Many of Collins’ novels focus on marriage’s negative consequences for women and the fissures in personal identity imposed by the letter of the law. In The Woman in White, published after the 1857 act but set primarily in 1849 and 1850, the legal death inflicted by coverture becomes terrifyingly literal. Laura’s marriage settlement is botched; her husband becomes entitled to all of her property, and she is locked away in an asylum while another woman is buried in her place. The novel’s hero, Walter, encounters Laura standing at her own grave. He later reflects on the dark irony of her situation:
In the eye of reason and of law, in the estimation of relatives and friends, according to every received formality of civilized society, ‘Laura, Lady Glyde,’ lay buried with her mother in Limmeridge churchyard, … dead to the persons in authority, who had transmitted her fortune to her husband and her aunt.
Laura, Walter adds, was “socially, morally, legally—dead.”
Even Laura’s living presence cannot contradict the written records of her death. She haunts the borders of her own life, a ghostly warning to real-life English wives, who were present in body but nonexistent under the law.
Stories like Laura’s are ghastly, but the legal intricacies are not exaggerated. Collins was scrupulous about accuracy. He even consulted his lawyer, William Tindell, for advice about legal plot points. In 1874, while at work on The Law and the Lady, Collins asked Tindell where he could procure an account of the infamous 1857 Madeleine Smith trial so he could properly represent “the course of procedure under the Scottish law in cases of murder.” Smith had been charged with poisoning her lover, but the jury returned a verdict of “not proven,” which resulted in her acquittal but did not clear her name.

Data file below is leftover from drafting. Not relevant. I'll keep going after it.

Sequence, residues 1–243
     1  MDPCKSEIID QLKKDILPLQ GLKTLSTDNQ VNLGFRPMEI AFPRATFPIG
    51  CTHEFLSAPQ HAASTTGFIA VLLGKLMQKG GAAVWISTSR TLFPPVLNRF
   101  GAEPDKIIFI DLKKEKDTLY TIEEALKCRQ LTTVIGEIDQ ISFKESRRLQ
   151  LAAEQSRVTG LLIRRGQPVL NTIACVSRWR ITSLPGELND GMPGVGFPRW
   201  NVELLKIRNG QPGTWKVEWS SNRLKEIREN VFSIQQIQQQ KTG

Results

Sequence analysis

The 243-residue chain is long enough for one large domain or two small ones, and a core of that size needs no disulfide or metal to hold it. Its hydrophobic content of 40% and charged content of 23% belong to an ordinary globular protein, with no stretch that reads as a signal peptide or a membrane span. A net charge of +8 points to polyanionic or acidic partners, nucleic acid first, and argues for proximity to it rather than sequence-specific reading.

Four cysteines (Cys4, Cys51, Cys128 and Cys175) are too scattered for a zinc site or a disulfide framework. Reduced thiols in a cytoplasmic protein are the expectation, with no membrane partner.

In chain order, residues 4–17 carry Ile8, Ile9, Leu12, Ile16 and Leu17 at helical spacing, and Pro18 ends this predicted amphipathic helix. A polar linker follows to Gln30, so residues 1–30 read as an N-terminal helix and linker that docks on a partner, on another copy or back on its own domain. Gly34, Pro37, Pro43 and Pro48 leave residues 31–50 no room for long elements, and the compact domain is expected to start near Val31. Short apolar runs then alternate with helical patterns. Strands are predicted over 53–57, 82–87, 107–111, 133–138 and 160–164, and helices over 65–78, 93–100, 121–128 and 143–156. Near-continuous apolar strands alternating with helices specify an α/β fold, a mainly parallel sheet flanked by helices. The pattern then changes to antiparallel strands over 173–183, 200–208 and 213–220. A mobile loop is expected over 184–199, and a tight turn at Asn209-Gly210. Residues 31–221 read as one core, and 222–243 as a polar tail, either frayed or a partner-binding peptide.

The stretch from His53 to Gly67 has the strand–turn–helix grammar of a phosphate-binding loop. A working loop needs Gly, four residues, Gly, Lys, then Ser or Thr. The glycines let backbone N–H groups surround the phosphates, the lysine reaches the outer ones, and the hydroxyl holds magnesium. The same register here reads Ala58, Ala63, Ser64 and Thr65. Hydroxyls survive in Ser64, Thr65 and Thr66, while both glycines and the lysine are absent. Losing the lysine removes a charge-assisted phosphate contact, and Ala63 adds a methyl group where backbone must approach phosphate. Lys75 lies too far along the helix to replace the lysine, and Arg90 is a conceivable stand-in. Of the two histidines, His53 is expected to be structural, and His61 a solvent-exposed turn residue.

Collins soon followed up to ask Tindell whether a marriage was lawful if one of the parties married under an assumed name. Both Scottish murder trials and marriage under an alias are crucial elements in The Law and the Lady. The main character, Valeria, learns that her husband was accused of poisoning his first wife, and that a “not proven” verdict continues to haunt him. Determined to clear his name, she becomes an amateur detective.
Valeria’s story also illustrates the benefits of extending increased property rights to married women. Before 1870, the only way a married woman could retain property was to have it legally designated as a separate estate under a settlement, which was subject to restrictions and administered by a trustee. Only wealthy women who already possessed property and had access to legal resources benefited from this protection.
Then, in 1870, Parliament passed a Married Women’s Property Act. As political scholar Mary Lyndon Shanley points out, this act was very limited and did not put wives on equal footing with single women. It merely designated certain categories of property as “separate,” granting poorer, wage-earning women some of the benefits of a separate estate. Married women’s property activists didn’t think this measure went far enough, and in 1873, they promoted a new bill that would give all wives the same property rights as single women.
Critics of the proposal worried that it would compromise the institution of marriage. A writer for the conservative Saturday Review, for example, complained that the legislation would reduce matrimony to a “mere commercial partnership” and that “divorce for incompatibility [would be] the natural corollary.” The bill failed. But Collins transformed the wreckage of this law into key aspects of Valeria’s character. Capable and resolute, Valeria possesses her “own little fortune (eight hundred a year),” which—in a notable contrast to Laura’s plot—was secured for her use through a marriage settlement. Instead of destroying her marriage by dividing husband and wife, this property allows Valeria to support herself and rescue her husband, paving the way for domestic bliss.
Collins’ novels revealed urgent problems of women’s identity and dramatized legal rights and restrictions for readers who were otherwise worlds away from parliamentary debates. By the time he died, Collins had written more than 20 novels, several plays, and a host of short stories and articles for periodicals. His tombstone, however, memorialized him as “author of The Woman in White,” a fitting tribute to a writer who knew better than anyone how to combine the thrills of melodrama with the minutiae of legal fact. Collins helped a generation of readers understand that for women in the mid-19th century, truth was indeed stranger—and more dangerous—than fiction.